Posts Tagged Counterclaim
Inversiones v Cancun. The Dutch Supreme Court on counterclaims and locus damni for diluted shareholdings.
This post can be classified under ‘better late than never’. Thank you Irina Timp for flagging in December, Inversiones v Cancun at the Dutch Hoge Raad. The case concerned alleged dilution of one company’s (Inversiones) shareholding in another as a result of increased emission of shares orchestrated by another shareholder (Cancun). Note that exclusive jurisdiction under Article 24(2), justifiably, was not suggested.
The Hoge Raad focused on the discussion concerning (now) Article 8(3)’s provision for counterclaims: courts even if not the court of domicile of the defendant have jurisdiction ‘on a counter-claim arising from the same contract or facts on which the original claim was based, in the court in which the original claim is pending;’ C-185/15 Kostanjevec is the main reference. Of particular note was the language issue: the Dutch version of the text employs ‘rechtsfeit’: suggestion a narrower interpretation than the English version (‘facts’) just quoted. The Hoge Raad justifiably followed the linguistic implications of the majority of language versions (e.g “facts”, “Sachverhalt”. “fait”) and held in favour of jurisdiction on the basis of a counterclaim.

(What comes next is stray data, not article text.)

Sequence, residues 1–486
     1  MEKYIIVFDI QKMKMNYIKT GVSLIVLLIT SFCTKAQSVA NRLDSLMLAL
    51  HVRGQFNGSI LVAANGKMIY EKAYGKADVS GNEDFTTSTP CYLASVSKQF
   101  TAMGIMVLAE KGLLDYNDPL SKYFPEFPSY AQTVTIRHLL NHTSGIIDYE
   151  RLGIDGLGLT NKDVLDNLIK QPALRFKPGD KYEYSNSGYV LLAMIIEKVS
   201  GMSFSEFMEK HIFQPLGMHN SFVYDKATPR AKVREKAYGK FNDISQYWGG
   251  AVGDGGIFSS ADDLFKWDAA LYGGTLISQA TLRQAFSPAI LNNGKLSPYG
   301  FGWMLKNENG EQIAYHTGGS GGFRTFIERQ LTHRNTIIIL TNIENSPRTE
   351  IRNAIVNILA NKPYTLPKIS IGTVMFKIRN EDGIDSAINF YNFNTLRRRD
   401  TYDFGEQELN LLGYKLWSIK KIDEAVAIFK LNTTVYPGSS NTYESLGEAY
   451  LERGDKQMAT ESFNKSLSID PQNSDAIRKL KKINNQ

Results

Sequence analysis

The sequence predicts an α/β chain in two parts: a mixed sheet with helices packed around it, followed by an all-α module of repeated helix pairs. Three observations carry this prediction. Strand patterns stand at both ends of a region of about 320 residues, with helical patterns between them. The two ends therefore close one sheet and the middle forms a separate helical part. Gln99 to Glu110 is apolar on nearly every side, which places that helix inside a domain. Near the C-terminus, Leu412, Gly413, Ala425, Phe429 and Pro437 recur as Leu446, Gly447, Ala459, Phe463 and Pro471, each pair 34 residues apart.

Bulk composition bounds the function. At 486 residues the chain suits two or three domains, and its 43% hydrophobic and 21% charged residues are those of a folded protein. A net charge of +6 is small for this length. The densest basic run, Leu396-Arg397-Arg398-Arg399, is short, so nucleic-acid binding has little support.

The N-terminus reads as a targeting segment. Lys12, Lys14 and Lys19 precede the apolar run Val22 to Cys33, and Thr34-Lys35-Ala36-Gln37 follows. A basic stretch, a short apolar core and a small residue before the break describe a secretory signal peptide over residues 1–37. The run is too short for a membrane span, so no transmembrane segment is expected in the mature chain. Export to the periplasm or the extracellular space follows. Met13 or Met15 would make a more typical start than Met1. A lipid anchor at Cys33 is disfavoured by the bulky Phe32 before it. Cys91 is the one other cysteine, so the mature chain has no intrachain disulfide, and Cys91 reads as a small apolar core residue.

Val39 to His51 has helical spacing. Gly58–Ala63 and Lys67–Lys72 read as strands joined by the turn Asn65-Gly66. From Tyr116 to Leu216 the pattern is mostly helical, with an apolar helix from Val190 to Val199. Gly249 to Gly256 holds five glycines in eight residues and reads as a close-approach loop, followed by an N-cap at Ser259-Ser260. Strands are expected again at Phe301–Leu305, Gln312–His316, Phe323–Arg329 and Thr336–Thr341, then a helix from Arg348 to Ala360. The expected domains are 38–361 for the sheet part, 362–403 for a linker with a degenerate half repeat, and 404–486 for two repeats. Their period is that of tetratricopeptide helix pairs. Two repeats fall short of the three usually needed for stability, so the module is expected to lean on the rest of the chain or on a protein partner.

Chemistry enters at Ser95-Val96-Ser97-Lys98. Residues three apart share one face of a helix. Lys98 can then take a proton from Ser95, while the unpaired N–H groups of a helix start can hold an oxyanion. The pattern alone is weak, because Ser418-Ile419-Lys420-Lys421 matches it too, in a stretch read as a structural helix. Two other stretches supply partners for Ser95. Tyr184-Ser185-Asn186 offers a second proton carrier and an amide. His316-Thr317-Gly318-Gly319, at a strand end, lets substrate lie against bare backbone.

The result of that finding is that it did not further entertain the consequences of Universal Music on the location of the locus damni for diluted shareholdings: what other factors are needed to have the shareholder’s corporate domicile qualify for same?
In C-1/17 Petronas Lubricants, the CJEU held end of June, entirely justifiably, that assigned counterclaims may be brought by the employer in the forum chosen by the employee under (now) Article 20 ff Brussels I Recast to bring his claim. In the case at issue, the employer had only obtained the claim by assignment, after the employee had initiated proceedings.
The Court pointed to the rationale underlying Article 22(1), which mirrors all other counterclaim anchor provisions in the Regulation: the sound administration of justice. That the counterclaim is merely assigned, is irrelevant: at 28: ‘…provided that the choice by the employee of the court having jurisdiction to examine his application is respected, the objective of favouring that employee is achieved and there is no reason to limit the possibility of examining that claim together with a counter-claim within the meaning of Article 20(2)’ (Brussels I, GAVC).
Evidently the counterclaim does have to meet the criteria recently re-emphasised in Kostanjevec.
(Handbook of) EU private international law, 2nd ed. 2016, Chapter 2, Heading 184.108.40.206.
On the temporal scope of Brussels I, and the notion of ‘counterclaim’ in Art.6(3) Brussels I Regulation. Kokott AG in C-185/15 Kostanjevec.